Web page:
Asian stocks started Friday trading mixed, in a wait-and-see mode as exit polls suggested the U.K.'s governing Conservative party failed to keep its parliamentary majority in Thursday's general election there.
The polls sent the pound down some 2% versus other currencies, but moves in other markets have been muted. S&P 500 futures were recently down 0.1%.
"Obviously it's looking more and more likely that we are going to see a hung government" and "the uncertainty that that brings is not good for" stocks anywhere, said Grant Williamson, a director at New Zealand advisory firm Hamilton Hindin Greene.
But he also cautioned that election-related market moves are likely to be short-lived: "You'll get a one- or two-day selloff, but the market is pretty resilient."
Australia's S&P/ASX 200 was recently down 0.2% and New Zealand's NZX-50 eased 0.4%.
But investors in Japan and Korea seem to have other factors in mind. The Nikkei, which fell in the last hour of Thursday's trading amid a rally in the yen that was reversed later Thursday, rose 0.3% early Friday to move back toward 20000. And the Kospi, which rallied into the close Thursday after initial weakness following North Korea's latest missile launches, rose 0.3% Friday to move back to the cusp of fresh record highs.
After the pound slumped toward $1.2715 following the exit-poll release, it moved back to $1.28 before fresh selling in recent minutes briefly sent sterling below $1.27 before retracing to $1.2725. "Right now, you could say we've priced in a hung-parliament scenario, which clearly puts sterling on the back foot," said Stuart Ive at OM Financial.
However, analysts have been quick to say it is still early and there could be a number of changes before the result of the election becomes clearer. "We've still got an hour or two to go yet," Mr. Ive added.
Elsewhere, the testimony from former Federal Bureau of Investigation head James Comey elicited little new information and isn't expected to have a significant impact on Asian trading; U.S. stocks rose slightly overnight.
"At this stage, markets appear to be taking a relatively watchful stance" to the testimony, said ANZ. It added that with 10-year Treasury yields around 2.2%, the Trump trade has nearly been unwound--meaning there should be little impact to yields if any fiscal package is delayed.
"Whether the same can be said for equities though (which have not pulled back at all) is a different question," the investment bank added.
In commodities, oil futures are down some 0.3%, with Brent futures at $47.70 a barrel, while gold is slightly higher in Asia after falling some 1% in U.S. trading.
Write to Lucy Craymer at Lucy.Craymer@wsj.com
Stocks geared to the U.K. economy fell sharply Friday while the pound slumped after British voters deprived Prime Minister Theresa May and her ruling Conservative party of a majority in Parliament.
Sterling was last down 2.4% at $1.2641 as investors feared a hung Parliament would usher in a fresh period of political uncertainty and make it more difficult for the U.K. to secure a favorable deal in its negotiations to exit from the European Union.
"Brexit still goes ahead, but who is negotiating and what their position is and whether they can do a deal and get it passed through Parliament is less clear," said John Stopford, head of multiasset income at Investec Asset Management.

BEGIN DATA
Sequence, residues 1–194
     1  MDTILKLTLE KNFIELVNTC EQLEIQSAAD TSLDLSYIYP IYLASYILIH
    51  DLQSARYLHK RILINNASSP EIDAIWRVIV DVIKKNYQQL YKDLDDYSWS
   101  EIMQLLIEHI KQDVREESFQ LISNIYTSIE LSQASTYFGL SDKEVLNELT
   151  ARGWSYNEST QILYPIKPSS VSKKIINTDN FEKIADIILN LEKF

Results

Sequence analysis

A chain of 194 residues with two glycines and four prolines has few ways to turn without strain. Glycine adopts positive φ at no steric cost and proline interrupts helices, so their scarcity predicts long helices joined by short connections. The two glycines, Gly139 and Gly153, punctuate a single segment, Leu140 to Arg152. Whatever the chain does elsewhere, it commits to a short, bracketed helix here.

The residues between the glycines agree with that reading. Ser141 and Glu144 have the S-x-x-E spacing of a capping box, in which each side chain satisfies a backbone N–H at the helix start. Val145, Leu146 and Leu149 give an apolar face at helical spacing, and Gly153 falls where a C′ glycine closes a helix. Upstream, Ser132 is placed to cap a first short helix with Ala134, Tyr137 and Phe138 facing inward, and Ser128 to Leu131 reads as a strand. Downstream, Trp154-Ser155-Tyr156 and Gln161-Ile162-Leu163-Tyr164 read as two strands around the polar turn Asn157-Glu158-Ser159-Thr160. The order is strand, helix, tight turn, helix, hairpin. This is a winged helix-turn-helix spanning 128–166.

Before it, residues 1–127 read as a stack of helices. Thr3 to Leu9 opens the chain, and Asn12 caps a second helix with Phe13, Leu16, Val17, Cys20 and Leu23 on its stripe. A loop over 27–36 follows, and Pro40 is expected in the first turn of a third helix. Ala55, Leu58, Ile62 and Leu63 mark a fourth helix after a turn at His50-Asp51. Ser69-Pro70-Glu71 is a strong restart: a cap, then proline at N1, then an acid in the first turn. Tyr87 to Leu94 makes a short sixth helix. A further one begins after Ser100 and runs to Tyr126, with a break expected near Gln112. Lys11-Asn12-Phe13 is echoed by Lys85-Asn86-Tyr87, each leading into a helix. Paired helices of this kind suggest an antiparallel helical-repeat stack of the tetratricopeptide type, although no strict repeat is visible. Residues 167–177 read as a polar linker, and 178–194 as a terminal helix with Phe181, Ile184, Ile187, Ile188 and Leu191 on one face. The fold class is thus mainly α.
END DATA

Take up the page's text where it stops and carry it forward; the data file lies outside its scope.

London's FTSE 100 index, which generates roughly 70% of its revenues overseas, rose 1.3% in the early minutes of trading as exporters benefited from a weaker currency. Shares of British American Tobacco, which has almost no revenue ties to the U.K., rose 2%.
But companies who generate the bulk of their revenues in the U.K., including Lloyds Banking Group, Taylor Wimpey and Barratt Developments PLC fell 3.4%, 5.2% and 3.3% respectively. Stocks in the U.K. have historically fallen in the short-term following news of a hung parliament.
"We expect U.K. risky assets to come under pressure, as markets will start pricing in a scenario of high political uncertainty, a growth slowdown and possibly disorderly Brexit," said Daniel Vernazza, chief U.K. economist at UniCredit Research
Longer term, some investors see a move away from fiscal austerity and the possibility of a "softer" Brexit as potentially supportive for U.K. assets. But "at the moment, the market is focusing more on the uncertainty than any change in direction of monetary and fiscal policy" that could result, Mr. Stopford said.
Elsewhere in stocks, the Stoxx Europe 600 rose 0.3% in morning trading despite declines in real estate and travel shares. Futures pointed to a 0.2% opening gain for the S&P 500.
Earlier, Japan's Nikkei pushed back above 20000 as the dollar climbed against the yen, supporting exporters in the index. Shares of SoftBank jumped to 17-year highs following a surge in Alibaba shares in the U.S. The Japanese firm owns 28% of the Chinese internet heavyweight.
Korea's Kospi was up 0.8% and in fresh record territory, helped by a rise in shares of Samsung Electronics, which has the biggest weighting in the index.
Stock-market moves elsewhere in the Asia-Pacific region were more muted. Benchmarks in Australia were flat, while Hong Kong's Hang Seng Index fell 0.5%.
The moves followed a quiet session in the U.S. as investors appeared to show little reaction to Mr. Comey's testimony Thursday about interactions with President Donald Trump before his firing.
In commodities, Brent crude oil futures were down 0.2% and gold eased 0.3% as both were weighed down by a stronger dollar. The WSJ Dollar Index, which tracks the dollar against a basket of 16 currencies, was up 0.4%.
Write to Riva Gold at email@example.com and Lucy Craymer at Lucy.Craymer@wsj.com
(END) Dow Jones Newswires
June 09, 2017 03:54 ET (07:54 GMT)